Once harbouring a reputation as one of Manchester’s premiere metal venues, Rebellion, thanks in part to its new management, is beginning to shake that image by not limiting itself to any one scene. To prove that point, tonight sees Long Island’s Iron Chic take to their stage almost exactly a year since their last Mancunian sojourn.
Monday, 26 June 2017
It’s difficult to know where to begin with Trouble Maker, the ninth album from Californian punk stalwarts Rancid. On the one hand, it’s everything we could want from a Rancid record. Organs and upstrokes? Check. Buzzsaw guitar solos? Of course. Tim Armstrong’s breathy drawl juxtaposed with Lars Fredrikson’s biting bark? Naturally. On the other hand however, it’s also everything we’ve come to expect from a Rancid record and as such, does little to break a framework the band established albums ago.
If there was a single track that managed to encapsulate the frustrations and optimism of Seafoam, the debut LP from Kamikaze Girls, it would be the sprawling final track ‘I Don’t Want To Be Sad Forever’. Coming at the end of the record, the track plays out as a cathartic culmination to all that comes before it. And while cathartic is certainly the right word to describe the track, and indeed the record as a whole, it’s not strictly the optimistic brand of catharsis one might expect.
Walking into Manchester’s Albert Hall, it’s hard to imagine a venue more suited to Tycho’s ambient electronica than a converted Wesleyan chapel. Arriving fashionably late, with the fading sun cascading through the venue’s stained-glass windows, it’s clear that this is one of the rare occasions on which the venue’s aesthetics boost the atmosphere tenfold.
Where London Grammar’s 2013 debut ‘If You Wait’ harboured a brooding sense of bombast established from the outset, ‘Truth Is A Beautiful Thing’ is much more subtle in its delivery - the three and a half years between releases providing London Grammar with not just a new found sense of maturity, but with a more nuanced sense of musicality also.
Monday, 5 June 2017
For many, the fact that Newcastle’s Maximo Park are still massively active more than ten years since their inception is crazy. While so many bands of their era have either stagnated in to obscurity, or reached the dizzying heights of worldwide renown, theirs is a career of celebrated consistently, of which the 2000 people in attendance this evening are a testament.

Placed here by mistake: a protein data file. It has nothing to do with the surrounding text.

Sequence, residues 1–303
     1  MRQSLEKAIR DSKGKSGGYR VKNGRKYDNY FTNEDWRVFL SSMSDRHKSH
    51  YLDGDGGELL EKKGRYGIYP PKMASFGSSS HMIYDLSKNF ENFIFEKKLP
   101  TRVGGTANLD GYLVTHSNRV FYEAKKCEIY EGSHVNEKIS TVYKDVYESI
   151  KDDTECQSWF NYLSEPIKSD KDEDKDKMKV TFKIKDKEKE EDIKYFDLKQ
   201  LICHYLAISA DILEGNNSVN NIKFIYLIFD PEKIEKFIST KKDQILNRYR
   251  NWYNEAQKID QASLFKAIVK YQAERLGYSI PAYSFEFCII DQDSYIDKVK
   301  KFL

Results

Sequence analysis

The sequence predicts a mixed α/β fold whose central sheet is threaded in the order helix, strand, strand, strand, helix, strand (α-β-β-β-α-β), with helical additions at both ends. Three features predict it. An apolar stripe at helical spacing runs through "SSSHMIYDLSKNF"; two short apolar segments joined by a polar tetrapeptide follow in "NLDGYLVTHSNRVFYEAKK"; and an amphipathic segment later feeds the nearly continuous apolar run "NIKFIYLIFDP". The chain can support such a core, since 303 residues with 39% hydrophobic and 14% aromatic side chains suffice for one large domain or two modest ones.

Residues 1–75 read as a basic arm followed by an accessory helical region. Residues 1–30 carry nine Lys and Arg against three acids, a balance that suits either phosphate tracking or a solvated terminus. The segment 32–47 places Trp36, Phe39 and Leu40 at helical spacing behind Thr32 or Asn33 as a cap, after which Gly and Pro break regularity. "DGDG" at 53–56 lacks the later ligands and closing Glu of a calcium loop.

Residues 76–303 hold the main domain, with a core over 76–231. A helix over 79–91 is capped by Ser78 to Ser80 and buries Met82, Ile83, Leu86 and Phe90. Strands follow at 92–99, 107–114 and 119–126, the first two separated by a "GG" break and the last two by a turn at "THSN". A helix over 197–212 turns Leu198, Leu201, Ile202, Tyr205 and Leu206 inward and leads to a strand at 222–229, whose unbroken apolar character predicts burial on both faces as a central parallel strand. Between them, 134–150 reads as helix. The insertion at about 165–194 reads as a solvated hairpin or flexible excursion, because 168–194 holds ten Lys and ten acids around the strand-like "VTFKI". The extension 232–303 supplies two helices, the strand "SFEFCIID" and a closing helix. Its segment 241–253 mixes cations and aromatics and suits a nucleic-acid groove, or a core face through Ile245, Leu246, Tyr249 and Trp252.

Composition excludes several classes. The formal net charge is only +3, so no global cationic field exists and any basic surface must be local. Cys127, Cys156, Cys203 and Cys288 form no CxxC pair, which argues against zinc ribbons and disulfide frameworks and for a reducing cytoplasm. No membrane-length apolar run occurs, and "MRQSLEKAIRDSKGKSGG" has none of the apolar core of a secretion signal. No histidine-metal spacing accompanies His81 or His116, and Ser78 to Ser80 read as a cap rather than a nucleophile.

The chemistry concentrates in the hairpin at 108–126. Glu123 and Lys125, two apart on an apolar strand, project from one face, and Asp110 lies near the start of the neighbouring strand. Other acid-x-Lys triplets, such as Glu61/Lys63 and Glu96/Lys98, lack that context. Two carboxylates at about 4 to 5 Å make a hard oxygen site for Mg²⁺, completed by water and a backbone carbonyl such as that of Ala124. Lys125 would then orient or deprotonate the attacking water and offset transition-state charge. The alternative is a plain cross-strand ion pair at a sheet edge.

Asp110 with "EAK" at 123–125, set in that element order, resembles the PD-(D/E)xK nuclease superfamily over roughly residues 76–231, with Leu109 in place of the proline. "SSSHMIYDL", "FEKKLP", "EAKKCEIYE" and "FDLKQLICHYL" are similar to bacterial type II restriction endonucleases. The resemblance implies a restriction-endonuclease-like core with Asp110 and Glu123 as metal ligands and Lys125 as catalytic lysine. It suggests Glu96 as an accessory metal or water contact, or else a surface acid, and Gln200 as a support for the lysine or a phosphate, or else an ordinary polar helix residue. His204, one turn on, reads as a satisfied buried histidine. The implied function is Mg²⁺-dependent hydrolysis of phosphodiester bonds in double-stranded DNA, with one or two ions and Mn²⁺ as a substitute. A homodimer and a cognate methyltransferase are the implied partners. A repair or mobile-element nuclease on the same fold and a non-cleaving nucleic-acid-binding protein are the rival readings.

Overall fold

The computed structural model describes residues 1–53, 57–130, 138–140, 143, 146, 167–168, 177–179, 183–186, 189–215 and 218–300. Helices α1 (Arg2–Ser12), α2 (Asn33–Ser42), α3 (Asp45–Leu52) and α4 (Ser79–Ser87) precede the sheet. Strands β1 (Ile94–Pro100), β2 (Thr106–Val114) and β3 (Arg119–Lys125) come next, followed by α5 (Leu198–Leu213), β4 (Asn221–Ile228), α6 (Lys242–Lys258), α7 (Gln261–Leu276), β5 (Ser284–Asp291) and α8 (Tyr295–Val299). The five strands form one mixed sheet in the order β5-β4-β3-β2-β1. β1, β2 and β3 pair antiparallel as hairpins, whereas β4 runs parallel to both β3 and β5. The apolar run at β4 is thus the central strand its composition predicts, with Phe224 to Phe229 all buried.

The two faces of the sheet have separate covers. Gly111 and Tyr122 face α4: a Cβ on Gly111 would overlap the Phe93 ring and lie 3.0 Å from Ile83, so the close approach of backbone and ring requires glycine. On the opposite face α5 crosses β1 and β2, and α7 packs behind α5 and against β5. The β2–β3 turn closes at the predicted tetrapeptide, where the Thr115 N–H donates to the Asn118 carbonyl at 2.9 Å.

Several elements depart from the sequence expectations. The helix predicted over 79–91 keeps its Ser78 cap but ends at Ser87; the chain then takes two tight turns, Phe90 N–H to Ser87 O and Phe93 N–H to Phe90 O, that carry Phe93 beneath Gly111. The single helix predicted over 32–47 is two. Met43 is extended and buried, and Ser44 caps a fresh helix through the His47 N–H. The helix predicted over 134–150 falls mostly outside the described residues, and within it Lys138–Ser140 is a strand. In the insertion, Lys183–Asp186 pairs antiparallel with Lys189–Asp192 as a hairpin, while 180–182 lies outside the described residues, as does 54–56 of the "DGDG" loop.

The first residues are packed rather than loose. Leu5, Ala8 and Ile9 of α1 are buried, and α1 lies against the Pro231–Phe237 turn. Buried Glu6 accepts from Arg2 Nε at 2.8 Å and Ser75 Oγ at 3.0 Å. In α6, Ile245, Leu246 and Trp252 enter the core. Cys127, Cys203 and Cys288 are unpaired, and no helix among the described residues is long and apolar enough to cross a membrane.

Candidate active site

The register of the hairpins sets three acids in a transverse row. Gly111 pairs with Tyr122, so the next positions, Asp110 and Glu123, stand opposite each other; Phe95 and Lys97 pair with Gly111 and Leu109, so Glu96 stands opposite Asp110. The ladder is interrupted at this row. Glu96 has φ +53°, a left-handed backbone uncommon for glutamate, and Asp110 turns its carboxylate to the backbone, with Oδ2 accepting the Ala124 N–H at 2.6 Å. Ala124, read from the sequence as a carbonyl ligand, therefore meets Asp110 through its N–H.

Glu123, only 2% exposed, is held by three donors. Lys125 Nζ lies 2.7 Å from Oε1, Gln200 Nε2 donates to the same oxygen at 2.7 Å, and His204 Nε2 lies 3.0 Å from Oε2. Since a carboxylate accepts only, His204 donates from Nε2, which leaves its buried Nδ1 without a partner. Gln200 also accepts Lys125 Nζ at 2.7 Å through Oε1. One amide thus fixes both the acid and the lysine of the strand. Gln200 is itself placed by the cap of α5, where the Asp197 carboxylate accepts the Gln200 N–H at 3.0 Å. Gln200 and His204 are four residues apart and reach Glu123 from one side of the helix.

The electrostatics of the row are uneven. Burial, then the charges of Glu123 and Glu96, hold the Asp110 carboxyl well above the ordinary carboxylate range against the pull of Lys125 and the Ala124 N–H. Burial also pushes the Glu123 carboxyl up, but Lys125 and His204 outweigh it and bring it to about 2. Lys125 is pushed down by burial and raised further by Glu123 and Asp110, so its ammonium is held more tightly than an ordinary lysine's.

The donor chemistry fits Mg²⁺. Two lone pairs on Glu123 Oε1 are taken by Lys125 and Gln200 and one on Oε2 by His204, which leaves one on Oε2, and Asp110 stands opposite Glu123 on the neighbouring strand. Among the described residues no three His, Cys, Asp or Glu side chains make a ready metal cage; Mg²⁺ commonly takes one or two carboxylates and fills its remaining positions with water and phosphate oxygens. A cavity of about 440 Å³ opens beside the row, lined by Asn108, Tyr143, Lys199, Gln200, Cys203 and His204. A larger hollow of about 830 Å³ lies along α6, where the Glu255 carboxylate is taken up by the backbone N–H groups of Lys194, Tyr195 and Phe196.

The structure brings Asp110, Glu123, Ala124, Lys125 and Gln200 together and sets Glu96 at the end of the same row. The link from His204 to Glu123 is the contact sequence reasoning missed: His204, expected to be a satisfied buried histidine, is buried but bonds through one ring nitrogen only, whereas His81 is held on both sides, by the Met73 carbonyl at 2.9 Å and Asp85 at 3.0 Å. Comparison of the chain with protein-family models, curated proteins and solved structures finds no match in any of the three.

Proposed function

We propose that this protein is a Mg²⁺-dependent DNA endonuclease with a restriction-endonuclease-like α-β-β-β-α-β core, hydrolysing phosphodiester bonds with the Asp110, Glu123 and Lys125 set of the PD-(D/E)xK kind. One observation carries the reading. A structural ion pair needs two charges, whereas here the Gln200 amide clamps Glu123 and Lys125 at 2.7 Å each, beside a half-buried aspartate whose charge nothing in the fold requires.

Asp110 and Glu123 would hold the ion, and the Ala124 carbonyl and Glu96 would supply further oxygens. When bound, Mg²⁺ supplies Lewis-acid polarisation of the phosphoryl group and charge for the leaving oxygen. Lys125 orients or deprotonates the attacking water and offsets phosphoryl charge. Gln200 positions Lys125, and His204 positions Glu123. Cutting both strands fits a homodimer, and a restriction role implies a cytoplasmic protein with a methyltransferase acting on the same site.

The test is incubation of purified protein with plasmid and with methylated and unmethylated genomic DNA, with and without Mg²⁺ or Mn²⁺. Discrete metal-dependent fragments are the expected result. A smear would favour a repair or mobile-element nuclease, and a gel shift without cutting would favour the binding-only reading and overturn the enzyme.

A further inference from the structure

Much like the country in which it was conceived, ‘Visuals’, the seventh album from Danish dream-poppers Mew, harbours an imposing nature concealed behind its inherent beauty. Written while on the road in support of previous release ‘+-‘, there’s a definite sense of the band attempting to, and succeeding in, capturing what frontman Jonas Bjerre refers to as a ‘creative peak’.
Pop-punk has come a long way since the Descendents exploded on to the LA hardcore scene in the ‘80s, and these days, it has never felt more relevant. Now a far cry from irreverent humour, teenage angst, and, erm, fart jokes, pop-punk has grown up, and become more cathartic in the process.
Three years have passed since Brighton punks Gnarwolves released their self-titled debut. In the scheme of things that might not so long, but the change in the band is more than evident. ‘Outsiders’, though harbouring the same energy and DIY ideals as its predecessor, is a record more nuanced, and more considered than anything the trio have released before.
Saturday, 22 April 2017
While it’s far from unusual for bands from overseas to find their footing in countries other than their own, their sense of national identity can often feel slightly diminished, watered-down somewhat, in an effort to maximise their appeal. Fortunately for Melbourne’s Smith Street Band, they embody an Australia that’s both stereotypical yet fitting of their generation.
“I don’t want to make you feel nostalgic for something that never happened,” sings Alex Luciano on ‘I Don’t Know Her’, the penultimate track on Diet Cig’s debut LP. It’s an interesting sentiment, especially taking into account the ability of Swear I’m Good At This to make you feel just that.
While Melbourne’s The Smith Street Band effortlessly craft images of a suburban Australia rarely experienced by those of us on the other side of the world, it’s not a sense of pseudo-exoticism that affords the band their resonance. Rather, it’s the familiarity of the scenes that play out against such a backdrop, and the emotional response to said scenes, that offer the appeal.
Having made their name thanks to their trademark angular and heartfelt pop music, that Maxïmo Park’s sixth LP ‘Risk to Exist’ should be predicated on politics comes as something of a surprise. It probably shouldn’t, however. The band’s native North East is a region built on industry, and like many others in the UK, has been hit hard by government cuts and rising unemployment. For a band whose lyrics are often hinged on a nostalgic romanticism to become a mouthpiece for the voiceless, the situation must be pretty grim indeed, and not just up north.